Column: Feeding you the truth about Thanksgiving


(Illustration by Abby Katz | Staff Illustrator)

By Jaime Viens / Contributing Editor

Each year we celebrate Thanksgiving on the fourth Thursday of November — we eat turkey, cranberry sauce and mashed potatoes to commemorate the 1621 feast at which Pilgrims and Wampanoags peacefully gathered in Plymouth, Massachusetts. And every year since, Americans have put aside their own family feuds and followed strict traditions to show their appreciation for everything they have. At least that’s the narrative most of us have been taught.

But as it turns out, Thanksgiving might not actually be as rich in objective historical context and deep-rooted traditions as we’d like to believe.

For starters, the 1621 harvest celebration between Pilgrims and Wampanoags in Plymouth is generally thought of as the first Thanksgiving. But Virginia, Texas and Florida all claim they hold the same title for various feasts held at earlier times within their states.

And it wasn’t until 1789 when George Washington declared Thursday, Nov. 26, a day of “PUBLICK THANKSGIVING and PRAYER … to the service of that great and glorious Being, who is the beneficent Author of all the good that was, that is, or that will be.”

After Washington’s declaration, presidential proclamations would announce Thanksgiving on different days and months each year. Thanksgiving hasn’t been a continual tradition since its inception nearly four centuries ago, and was not perpetuated as the more secularized holiday we know it to be today.

But regardless of time and place of origin, there’s no question Thanksgiving is distinctly and traditionally American, right? Actually, Canada, Germany, Japan, Grenada, Liberia and many other countries all have their own variants of Thanksgiving with histories dating back much further than our own.

And even here in the United States, different cultural communities incorporate their own traditions into the celebration. Tom Carabuena, junior communication science and disorders major, celebrates his heritage by eating deep fried turkey alongside traditional Filipino dishes like mechado, beefsteak and pancit.

“I like that there’s a mix of things because we still have a more traditional Thanksgiving meal, but we’re also able to share our culture and enjoy our own food,” Carabuena said. “So we really get the best of both worlds.”

But how traditional are those foods to begin with? That oven-baked pumpkin pie and perfectly roasted turkey the Pilgrims and Wampanoags famously feasted on way back in 1621? Unfortunately, this too is an eye-opening myth of Thanksgivings past. It was during the mid-1800s that a woman named Sarah Josepha Hale created many of the “traditional” recipes we know today.

Hale, an influential 19th-century author, education advocate and editor of the magazine Godey’s Lady’s Book, became widely known for publishing the latest in literature, fashion and cooking trends. But Hale was also a history buff and, after reading about the 1621 feast, became the country’s first and leading champion for turning Thanksgiving into a national holiday.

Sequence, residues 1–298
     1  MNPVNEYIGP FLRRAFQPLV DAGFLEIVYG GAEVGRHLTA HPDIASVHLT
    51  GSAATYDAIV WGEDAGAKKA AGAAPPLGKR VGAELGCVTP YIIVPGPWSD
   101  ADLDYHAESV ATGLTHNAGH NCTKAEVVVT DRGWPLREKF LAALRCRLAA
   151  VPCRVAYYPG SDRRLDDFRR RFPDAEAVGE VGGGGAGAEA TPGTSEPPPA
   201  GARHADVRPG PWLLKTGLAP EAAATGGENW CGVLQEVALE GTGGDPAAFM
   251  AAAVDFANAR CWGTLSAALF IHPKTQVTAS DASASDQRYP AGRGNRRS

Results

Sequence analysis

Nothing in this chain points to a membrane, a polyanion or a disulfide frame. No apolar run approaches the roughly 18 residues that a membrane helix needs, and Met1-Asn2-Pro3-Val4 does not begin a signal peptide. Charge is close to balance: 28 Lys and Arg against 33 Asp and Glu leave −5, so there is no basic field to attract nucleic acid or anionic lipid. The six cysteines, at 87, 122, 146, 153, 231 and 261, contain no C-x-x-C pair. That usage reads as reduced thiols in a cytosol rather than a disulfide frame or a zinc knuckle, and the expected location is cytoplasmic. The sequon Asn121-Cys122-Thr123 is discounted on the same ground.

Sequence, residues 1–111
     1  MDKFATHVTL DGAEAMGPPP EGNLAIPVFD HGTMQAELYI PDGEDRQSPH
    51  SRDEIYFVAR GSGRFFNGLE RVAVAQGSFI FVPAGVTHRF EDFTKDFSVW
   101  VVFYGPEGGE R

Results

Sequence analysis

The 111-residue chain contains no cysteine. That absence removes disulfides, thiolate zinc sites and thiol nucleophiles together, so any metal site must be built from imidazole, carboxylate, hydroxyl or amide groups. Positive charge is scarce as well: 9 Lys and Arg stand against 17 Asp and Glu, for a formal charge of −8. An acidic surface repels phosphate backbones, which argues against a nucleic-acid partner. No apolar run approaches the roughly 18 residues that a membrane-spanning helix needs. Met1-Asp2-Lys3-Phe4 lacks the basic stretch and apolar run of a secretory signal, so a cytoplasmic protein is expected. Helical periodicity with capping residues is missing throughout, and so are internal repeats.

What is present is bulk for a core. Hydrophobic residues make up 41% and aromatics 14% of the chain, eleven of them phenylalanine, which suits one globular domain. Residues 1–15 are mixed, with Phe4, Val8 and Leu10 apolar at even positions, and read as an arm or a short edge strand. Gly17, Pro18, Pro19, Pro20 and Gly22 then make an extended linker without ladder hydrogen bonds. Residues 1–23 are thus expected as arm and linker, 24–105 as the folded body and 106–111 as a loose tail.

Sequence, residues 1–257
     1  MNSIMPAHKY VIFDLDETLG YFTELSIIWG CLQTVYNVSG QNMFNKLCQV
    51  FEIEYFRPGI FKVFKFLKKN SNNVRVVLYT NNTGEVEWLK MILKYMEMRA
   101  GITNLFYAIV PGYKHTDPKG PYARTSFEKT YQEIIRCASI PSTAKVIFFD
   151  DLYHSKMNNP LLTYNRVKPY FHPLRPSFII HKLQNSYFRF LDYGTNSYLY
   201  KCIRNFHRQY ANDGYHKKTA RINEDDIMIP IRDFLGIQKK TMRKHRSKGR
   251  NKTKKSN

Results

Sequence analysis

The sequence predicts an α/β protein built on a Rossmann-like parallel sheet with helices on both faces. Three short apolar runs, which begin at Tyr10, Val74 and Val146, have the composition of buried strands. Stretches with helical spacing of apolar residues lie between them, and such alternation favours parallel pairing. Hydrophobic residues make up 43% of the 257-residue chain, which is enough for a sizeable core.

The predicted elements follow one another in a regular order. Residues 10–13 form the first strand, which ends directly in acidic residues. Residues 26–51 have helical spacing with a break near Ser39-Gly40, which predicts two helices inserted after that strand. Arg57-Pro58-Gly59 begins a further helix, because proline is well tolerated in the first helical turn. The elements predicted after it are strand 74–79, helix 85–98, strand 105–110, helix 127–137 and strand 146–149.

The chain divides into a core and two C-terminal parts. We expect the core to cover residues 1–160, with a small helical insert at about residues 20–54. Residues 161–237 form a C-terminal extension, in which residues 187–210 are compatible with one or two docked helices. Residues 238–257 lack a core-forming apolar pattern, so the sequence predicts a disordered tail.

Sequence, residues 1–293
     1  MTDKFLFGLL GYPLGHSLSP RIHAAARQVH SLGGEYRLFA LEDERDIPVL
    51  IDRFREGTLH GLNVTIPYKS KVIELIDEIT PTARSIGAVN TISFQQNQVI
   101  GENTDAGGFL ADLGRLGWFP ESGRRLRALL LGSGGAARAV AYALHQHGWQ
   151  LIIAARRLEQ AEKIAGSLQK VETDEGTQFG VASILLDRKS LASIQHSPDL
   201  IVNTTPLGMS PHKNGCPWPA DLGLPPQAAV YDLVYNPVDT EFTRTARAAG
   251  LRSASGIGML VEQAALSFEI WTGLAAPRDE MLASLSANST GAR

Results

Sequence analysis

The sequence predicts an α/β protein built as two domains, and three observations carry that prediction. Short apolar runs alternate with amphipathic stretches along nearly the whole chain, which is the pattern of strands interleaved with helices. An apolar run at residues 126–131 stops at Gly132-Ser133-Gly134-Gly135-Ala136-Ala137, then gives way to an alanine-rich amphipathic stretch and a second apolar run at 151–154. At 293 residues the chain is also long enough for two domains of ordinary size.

She published recipes for turkey, stuffing and pumpkin pie, modified from foods she believed may have been present around the time of the first feast. While there may have been cranberries and pumpkins, it’s unlikely that either were cooked down and mashed. And turkey is never actually mentioned in firsthand accounts of the harvest fest, but fowl and venison are. So Hale’s annual editorial urging Thanksgiving’s inauguration as a national holiday was actually the start of many food traditions we know today.

Along with her editorials, Hale began a campaign encouraging people to write letters addressing the president, as well as all members of Congress and governors of U.S. states and territories, in the hope of establishing Thanksgiving as an official national holiday.

Still, it wasn’t until Lincoln’s Proclamation of Thanksgiving in 1863 that the holiday gained national status and the last Thursday of each November became a tradition, though not a set date.

But during Franklin Roosevelt’s presidency in 1933, its date began to split the nation. Business leaders argued that if the holiday was held on the last Thursday of the month, just 24 days between Thanksgiving and Christmas wouldn’t leave enough time for holiday shopping. They asked Roosevelt to move the holiday up one week with the goal of stimulating the economy during the Great Depression.

Roosevelt refused, but when the same concern arose again in 1939, he conceded and declared that Thanksgiving would be held Nov. 23. However, in favor of tradition, many states chose to continue celebrating the holiday one week later, Nov. 30.

Roosevelt would hold Thanksgiving on the second to last Thursday of the month for two more years. But this divide meant that families in different states were often unable to celebrate together. Public outcry grew so strong that Congress passed a law Dec. 26, 1941, declaring Thanksgiving a set date to be celebrated on the fourth Thursday of November each year.

Over the years, Thanksgiving has slowly been built up to the holiday we recognize today. The truth is, Thanksgiving has grown from so many invented traditions, many of us remain misinformed about its origins. But while we may blur the line between those traditions and their realities, the principles of gratitude and togetherness the holiday has always been rooted in remain clear.

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